Ironically, when the new imperial force on the scene, the Babylonians, threatened the tiny kingdom of Judah, the populyptic crowd banked on their God to intervene and rescue them. He did not. The populyptics had forgotten that the God who intervenes in human society expects a radical change of perspective from the saved.
From the biblical perspective, the world ended in 587 B.C.E. when the Babylonians destroyed Jerusalem and killed or exiled its inhabitants. The historical documents of Kings and Chronicles end then. There is no history after that.
Apocalypse Begins When History Ends
Apocalyptic perspectives began when the world had already ended. Biblically, history ends when the dream of a just and equitable world is snuffed out by yet another round of violent, imperial domination and exploitation. God’s promise of a just, righteous, truthful and merciful world that lasts forever seems to be a vengeful lie or ponzi scheme. The current situation is really, really bad, and things are not as they should be. Worse, God who should be intervening is not. Apocalyptic thinking begins here. God is going to let the “really bad” intensify to a point where he is going to intervene in a really bad-‐ass way. He will act in such a way that the revolving door of violent imperial powers will cease forever.
The destruction of Jerusalem and the near 70 year life of either exile in a foreign land or a conscripted “renter” in the land created a crisis of faith for a people believing in an almighty god. The post-‐Jerusalem Jews responded to the extreme breach of reality in a variety of ways. Apocalyptic is but one of them. The prominent biblical response was communal rites of repentance: worship, prayer, fasting and lamentation. This required patient endurance and mindful waiting. But the apocalyptic option countered despair when the tension between what is and what should moved to extremes. The apocalyptic option was of critical importance as a supplemental perspective to faithful waiting. It became folly and fatal if it became the prominent or only one.
The prophet Ezekiel is the father of apocalyptic perspectives in the Bible. As a young Jerusalem priest, his exile to Babylon severely traumatized him. He was supposed to be ministering as a priest of the Most High God in a magnificent temple in Jerusalem. Instead, he was stripped of his clothes, his possessions, and his dignity and marched hundreds of miles to a foreign land. In Babylon, he followed the news of Jerusalem’s continued decline and prophesied of its ultimate destruction.
For Ezekiel and many others, the disparity between what ought to be and his current condition was now extreme. Even worse, God intervened by aiding the Babylonians assault on Jerusalem. Consistent with his prophetic predecessors, however, Ezekiel clearly lays out the cause—Israel’s failure to appropriately respond to God’s call to be a radical alternative to the imperial mythology of “the way things are and always shall be.”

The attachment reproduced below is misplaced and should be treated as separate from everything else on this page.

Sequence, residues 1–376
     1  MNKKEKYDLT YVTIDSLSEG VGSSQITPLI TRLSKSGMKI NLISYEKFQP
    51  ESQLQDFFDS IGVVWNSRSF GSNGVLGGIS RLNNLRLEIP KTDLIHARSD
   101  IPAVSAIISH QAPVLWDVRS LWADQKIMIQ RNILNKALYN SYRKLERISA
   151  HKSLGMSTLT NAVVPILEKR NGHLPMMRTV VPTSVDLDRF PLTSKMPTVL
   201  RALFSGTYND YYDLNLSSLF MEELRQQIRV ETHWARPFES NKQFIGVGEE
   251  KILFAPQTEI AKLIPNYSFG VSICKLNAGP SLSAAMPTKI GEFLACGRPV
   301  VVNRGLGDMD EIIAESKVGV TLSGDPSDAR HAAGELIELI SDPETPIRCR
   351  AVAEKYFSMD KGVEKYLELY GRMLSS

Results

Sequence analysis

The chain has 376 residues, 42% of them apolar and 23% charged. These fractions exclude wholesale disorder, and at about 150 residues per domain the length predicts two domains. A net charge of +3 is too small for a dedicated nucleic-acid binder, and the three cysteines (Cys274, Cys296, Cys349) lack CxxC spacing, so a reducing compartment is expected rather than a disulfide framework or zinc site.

The disparity between what is and what should be was extreme for Ezekiel. He experienced a cataclysmic end of the world. He shares a vision (Ez 1) where the extreme disparity is transported onto a global and cosmic level. Ezekiel sees a great desert sand storm enveloping all things. In the midst of the storm, he sees a great conflation of brilliant light, flashing fire, beasts with human features, whirling wheels within wheels covered with seeing eyes and glittering jewels. Everywhere he sees flashing, darting lights. Boisterous, whirling, and rumbling sounds pierce his ears. Always, everywhere and all about is movement: whirling, spinning, whooshing, flashing movement, all within a great storm cloud mounting a looming approach.
Ezekiel evokes numerous images from Israel’s 500-‐year, anti-‐myth tradition and clashes them together in a compact, storm cloud image. The unbearable disparity between what should be and what is has moved to the extreme. Apocalyptic thinking addresses an extreme crisis of faith. This explains the exaggerated polarization in its literary depictions. Ezekiel makes clear what the storm cloud image means: God is absolutely, resolutely present in Israel’s “end of the world” crisis (Ez 1:28). The more the crisis exacerbates, the more God encroaches.
This is extremely hard to imagine for those in such a crisis of reality, and that is precisely why the exaggerated images collide in compacted space and time. They forcefully enable us to see what is not at all apparent. When we humans make an ugly mess of a situation, God is ever more present, even in his seeming absence. Always, everywhere, and all about is movement. Only in one of these times of extreme crisis does a biblical prophet claim to have seen God. It was when the current situation seemed so ridiculously at odds with what should be, of what is hoped for, and indeed, what is promised (Exod 3, Isa 6, Ez 1).
Ezekiel’s storm cloud image of “the glory of the Lord” converted the “disaster thinking” of prophetic voices past and initiates one peculiar response to a crisis of faith pushed to the brink—apocalyptic thinking. To remind, at the heart of the contradiction is always God’s radical vision of what human life should and can be on this earth, if only He can get the enthusiastic partnership of humanity. Unlike populyptic thinking, it always looks beyond the end of the world to a fulfilled promise from the Israel’s god—sometimes called “the Mighty One of Jacob.”
Ezekiel’s initial burst of apocalyptic thinking subsided within his own lifetime for one critical reason—the Babylonian empire began crumbling even before it had reached its height. This revived the hope of Israelites, both in exile and still in the land, of what could and should be. The last third of the book of Ezekiel is dedicated to describing a rebuilt temple in Jerusalem and a radically reformed priesthood.